Know your options

If you want to move into a new position, you’ll need to research exactly how that can be put into practice in your workplace. There’s no use pining for a position that doesn’t need filling. Review the company's hierarchy, structure and open positions to see where a logical next step may be.

Set the tone

Discussing your career progression should never be off the cuff – you’ll want to do a little preparation. Set a meeting with your hiring managers yourself rather than waiting for them to come to you. You should have a clear idea of what you want to do as a next step with the organization before going into the meeting.

Prepare questions

Don’t be afraid to ask some questions you may feel a little uncomfortable asking. Salary negotiation and long term plans may feel strange to ask about in conversation, but a good employer will always take your queries seriously. Your ability to negotiate uncomfortable subjects in a professional manner will impress your managers too.

Describe your vision

Let your managers know where you see yourself in one, three and five years’ time. Your career progression shouldn’t be set in stone, but showing you’ve carefully thought about your future will show your employers you take your career journey seriously. Don’t be afraid to be direct and to the point.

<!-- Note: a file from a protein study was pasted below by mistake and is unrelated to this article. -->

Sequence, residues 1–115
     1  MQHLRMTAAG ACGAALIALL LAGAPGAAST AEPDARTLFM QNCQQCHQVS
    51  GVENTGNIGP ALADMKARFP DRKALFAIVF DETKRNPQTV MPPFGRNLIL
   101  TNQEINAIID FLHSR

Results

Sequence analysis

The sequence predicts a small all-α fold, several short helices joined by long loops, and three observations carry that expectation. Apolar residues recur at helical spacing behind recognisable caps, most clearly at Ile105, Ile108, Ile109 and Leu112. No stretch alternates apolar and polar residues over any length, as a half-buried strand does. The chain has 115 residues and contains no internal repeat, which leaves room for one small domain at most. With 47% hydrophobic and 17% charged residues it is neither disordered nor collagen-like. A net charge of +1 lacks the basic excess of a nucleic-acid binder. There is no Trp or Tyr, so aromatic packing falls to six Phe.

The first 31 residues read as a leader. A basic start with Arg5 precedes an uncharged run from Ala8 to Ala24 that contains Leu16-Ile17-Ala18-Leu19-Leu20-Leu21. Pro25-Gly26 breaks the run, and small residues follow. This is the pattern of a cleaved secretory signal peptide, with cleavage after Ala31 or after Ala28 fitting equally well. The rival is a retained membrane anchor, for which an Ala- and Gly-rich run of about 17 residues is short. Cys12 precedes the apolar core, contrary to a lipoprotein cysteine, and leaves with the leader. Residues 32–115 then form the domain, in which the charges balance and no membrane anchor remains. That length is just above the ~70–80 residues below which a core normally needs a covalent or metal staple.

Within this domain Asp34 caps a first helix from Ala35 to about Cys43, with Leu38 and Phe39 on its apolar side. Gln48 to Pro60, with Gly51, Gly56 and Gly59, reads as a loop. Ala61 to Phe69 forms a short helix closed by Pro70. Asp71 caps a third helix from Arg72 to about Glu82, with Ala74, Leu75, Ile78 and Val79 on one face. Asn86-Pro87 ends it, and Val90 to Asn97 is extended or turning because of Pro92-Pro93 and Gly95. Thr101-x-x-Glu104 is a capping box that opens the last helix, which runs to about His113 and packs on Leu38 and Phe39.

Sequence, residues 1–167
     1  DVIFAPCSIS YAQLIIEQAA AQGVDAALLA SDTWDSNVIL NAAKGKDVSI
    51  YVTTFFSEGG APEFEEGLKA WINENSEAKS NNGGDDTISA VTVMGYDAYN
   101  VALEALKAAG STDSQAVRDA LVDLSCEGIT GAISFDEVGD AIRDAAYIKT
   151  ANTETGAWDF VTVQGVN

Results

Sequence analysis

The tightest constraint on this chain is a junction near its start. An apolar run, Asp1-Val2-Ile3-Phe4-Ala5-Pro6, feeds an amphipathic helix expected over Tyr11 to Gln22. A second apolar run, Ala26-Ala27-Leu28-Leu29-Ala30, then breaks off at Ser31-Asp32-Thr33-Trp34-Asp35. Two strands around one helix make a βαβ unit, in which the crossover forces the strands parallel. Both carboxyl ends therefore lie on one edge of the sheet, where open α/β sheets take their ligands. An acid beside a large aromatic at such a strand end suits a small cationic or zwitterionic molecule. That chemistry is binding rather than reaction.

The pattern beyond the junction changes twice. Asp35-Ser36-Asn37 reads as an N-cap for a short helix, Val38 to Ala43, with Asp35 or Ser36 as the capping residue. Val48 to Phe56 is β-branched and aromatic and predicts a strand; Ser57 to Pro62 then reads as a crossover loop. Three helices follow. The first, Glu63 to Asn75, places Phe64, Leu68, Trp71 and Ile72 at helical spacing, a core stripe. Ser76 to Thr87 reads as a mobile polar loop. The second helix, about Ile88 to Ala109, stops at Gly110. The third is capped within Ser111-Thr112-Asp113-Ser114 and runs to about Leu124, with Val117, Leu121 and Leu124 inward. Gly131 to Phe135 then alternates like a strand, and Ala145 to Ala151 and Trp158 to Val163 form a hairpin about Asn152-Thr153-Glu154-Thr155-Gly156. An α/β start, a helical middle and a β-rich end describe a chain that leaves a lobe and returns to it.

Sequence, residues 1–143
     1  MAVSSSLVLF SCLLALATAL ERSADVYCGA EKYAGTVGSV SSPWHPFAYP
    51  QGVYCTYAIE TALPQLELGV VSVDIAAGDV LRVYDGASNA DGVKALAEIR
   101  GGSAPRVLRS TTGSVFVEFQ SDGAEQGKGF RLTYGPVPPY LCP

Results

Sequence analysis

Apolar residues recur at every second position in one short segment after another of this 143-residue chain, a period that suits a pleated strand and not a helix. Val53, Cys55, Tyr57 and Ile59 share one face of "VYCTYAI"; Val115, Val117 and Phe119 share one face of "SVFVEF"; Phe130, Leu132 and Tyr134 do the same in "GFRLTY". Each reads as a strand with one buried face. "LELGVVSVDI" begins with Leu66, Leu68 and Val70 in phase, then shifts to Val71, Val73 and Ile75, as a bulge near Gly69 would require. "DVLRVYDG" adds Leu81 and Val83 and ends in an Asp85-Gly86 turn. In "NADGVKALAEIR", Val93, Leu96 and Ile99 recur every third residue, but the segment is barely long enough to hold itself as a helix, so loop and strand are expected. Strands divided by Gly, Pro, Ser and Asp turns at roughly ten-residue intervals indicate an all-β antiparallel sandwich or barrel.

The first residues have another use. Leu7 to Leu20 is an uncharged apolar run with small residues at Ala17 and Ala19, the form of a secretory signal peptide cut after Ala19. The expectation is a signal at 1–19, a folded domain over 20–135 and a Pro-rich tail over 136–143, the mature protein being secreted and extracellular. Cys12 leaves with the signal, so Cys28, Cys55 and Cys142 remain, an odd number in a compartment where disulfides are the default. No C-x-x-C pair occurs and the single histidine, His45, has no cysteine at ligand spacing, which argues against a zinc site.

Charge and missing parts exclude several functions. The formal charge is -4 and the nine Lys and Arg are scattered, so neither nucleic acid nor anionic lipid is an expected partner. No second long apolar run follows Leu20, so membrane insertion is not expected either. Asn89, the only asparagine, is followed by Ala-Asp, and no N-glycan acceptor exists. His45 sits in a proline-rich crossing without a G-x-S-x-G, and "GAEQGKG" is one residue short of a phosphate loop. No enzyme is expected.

Be open to feedback

Career progression should be a discussion, meaning there will be an ongoing dialogue between you and your employer as you progress. Feedback from your employer can help you revise and perhaps rethink the specifics of your career progression plan.

Follow up

Just as your career progression is an ongoing journey, the discussion of your career progression should be an ongoing project. Your employer should be able to check in with you to discuss progress and keep you on track.

Common career progression questions

For some more guidance on career progression, here are some common questions you may need to ask yourself:

Planning out a long term career plan may seem daunting, but career progression is about taking little, achievable steps towards your career goal rather than overcoming huge obstacles. Whatever your end goal, every time you develop a new skill or take on a new responsibility, you are still helping shape your career journey.

A big aspect of career progression is reaching out to your managers to aid development, but doing your own reflection, analysis and tracking your progress is even more important. Of course your employers should encourage your career progression but ultimately, setting yourself long term and short term goals, analysing your strengths and improving on your weaknesses are all in your own hands.

With our ultimate guide to career progression, go forth and conquer.


Written by Meg Traynier

Customer Success Lead at Progression

Meg on LinkedIn